The opposition of Republicans to health care reform was always astounding, because for the most part the President’s program incorporated Conservative ideas that were developed in opposition to the
program. But consistency is never a
Conservative virtue, and because it was the President who proposed enacting
Republican reforms, Republicans opposed them.
Now that the program is expected to go into effect, many Republican Governors have had a change of heart.
|Arizona Republican Gov. Jan Brewer Telling the President He Has to Let Arizona|
into the New Health Care Programs
Many Republicans balked at the expansion when the Supreme Court made the Medicaid expansion optional in its ruling last in the summer. Supporters of the law worried that the opposition could undermine the entire health-care overhaul by shrinking the pool of Americans who would gain coverage.
But six Republican governors have since come to back the program, including Michigan Gov. Rick Snyder on Wednesday and
John Kasich on Monday. Arizona Gov. Jan Brewer announced her support in mid-January. Ohio
Wow, what happened? Oh, money.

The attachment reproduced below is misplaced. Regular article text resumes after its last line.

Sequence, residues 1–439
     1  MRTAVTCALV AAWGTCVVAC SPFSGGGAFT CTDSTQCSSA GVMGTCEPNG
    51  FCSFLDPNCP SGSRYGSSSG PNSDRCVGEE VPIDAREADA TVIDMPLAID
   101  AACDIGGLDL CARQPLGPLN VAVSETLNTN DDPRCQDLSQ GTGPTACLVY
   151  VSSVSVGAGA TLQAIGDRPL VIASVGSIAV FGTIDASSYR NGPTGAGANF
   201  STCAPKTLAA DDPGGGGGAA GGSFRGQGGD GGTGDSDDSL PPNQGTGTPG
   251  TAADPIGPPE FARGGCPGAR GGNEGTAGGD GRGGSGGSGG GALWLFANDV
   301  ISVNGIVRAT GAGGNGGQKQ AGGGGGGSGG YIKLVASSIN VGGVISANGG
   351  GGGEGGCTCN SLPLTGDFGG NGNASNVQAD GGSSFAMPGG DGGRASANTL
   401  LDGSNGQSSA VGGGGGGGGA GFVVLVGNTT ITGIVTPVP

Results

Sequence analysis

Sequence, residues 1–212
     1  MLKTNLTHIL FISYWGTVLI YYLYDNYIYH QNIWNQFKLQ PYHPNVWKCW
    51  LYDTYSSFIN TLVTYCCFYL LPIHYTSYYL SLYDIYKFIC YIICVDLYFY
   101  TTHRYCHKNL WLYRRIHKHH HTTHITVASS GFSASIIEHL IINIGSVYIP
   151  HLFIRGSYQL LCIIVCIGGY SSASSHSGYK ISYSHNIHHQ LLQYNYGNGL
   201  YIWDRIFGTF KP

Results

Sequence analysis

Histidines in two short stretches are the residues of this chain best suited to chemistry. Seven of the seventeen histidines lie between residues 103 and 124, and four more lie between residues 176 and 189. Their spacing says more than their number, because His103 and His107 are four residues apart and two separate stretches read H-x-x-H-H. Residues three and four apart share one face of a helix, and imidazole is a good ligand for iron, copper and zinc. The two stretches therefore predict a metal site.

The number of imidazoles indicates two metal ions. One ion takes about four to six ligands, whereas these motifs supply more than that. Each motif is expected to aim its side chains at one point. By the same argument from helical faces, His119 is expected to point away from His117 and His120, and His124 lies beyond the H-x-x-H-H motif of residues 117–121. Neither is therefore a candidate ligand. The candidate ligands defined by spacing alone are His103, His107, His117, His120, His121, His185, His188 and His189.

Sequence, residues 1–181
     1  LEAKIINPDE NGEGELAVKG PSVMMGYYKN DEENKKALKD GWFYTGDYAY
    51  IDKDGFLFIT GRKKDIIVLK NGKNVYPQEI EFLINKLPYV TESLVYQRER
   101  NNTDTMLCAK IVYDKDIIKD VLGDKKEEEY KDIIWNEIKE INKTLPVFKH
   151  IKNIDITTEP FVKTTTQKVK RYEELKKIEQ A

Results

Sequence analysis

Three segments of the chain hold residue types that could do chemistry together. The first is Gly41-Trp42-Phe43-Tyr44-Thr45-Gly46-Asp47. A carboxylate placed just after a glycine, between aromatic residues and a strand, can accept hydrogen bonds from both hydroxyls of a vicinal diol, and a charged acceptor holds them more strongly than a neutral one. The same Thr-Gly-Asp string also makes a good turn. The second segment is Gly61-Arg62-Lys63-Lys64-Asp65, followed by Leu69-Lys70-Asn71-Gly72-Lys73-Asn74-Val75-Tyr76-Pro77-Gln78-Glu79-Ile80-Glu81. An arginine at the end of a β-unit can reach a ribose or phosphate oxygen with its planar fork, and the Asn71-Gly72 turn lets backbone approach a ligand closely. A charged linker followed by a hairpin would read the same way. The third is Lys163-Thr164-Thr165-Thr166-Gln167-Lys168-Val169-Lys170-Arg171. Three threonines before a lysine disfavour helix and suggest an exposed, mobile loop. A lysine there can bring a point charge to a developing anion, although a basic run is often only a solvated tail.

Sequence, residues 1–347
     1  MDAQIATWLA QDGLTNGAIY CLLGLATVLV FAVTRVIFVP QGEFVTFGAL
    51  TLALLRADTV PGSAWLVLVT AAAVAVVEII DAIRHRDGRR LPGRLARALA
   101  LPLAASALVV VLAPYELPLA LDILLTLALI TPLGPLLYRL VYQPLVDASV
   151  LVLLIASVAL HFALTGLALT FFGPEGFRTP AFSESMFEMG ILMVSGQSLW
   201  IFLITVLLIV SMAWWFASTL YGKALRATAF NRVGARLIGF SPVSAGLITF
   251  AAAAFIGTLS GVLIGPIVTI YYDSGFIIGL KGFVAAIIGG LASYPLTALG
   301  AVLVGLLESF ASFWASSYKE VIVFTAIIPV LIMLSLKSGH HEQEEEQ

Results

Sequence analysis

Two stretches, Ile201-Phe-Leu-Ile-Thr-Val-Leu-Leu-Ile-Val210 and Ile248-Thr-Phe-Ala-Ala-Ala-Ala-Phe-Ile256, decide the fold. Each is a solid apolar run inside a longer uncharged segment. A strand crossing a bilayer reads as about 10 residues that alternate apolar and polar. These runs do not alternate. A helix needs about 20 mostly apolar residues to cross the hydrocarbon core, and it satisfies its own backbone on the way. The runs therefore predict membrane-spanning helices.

Since the court’s decision, hospitals and other health care providers have lobbied governors aggressively to expand Medicaid. The providers had accepted billions in cuts to health care reimbursements because they thought they would gain millions of newly insured patients through Medicaid.
They have teamed up with local chambers of commerce and small businesses to argue that states could net a windfall of federal dollars with little investment of their own.
Governors have become increasingly worried about getting their fair share: If they do not extend Medicaid, their federal tax dollars will still foot the bill for expansions in other states. The Obama administration has also to reassure governors that upcoming budget reductions will not derail the program.
“Medicaid cuts for this president are not on the table,” White House senior economic adviser Gene Sperling told a conference of health advocates last week.
Medicaid expansion is key here. The Feds will pay all of the costs for several years, than pay 90% of the costs. Note that the money does not go to the poor, undeserving, lazy, worthless largely women, children and elderly who would qualify for more health care. The money actually goes into the health care system, reducing costs for everyone else.
But don’t expect all of the Republicans to come on board. After all, they stand for principle, even if it means suffering for the most vulnerable of their citizens. And all these Republican Governors and state legislators have fantastic health insurance, all paid for by government of course, so what do they care anyway.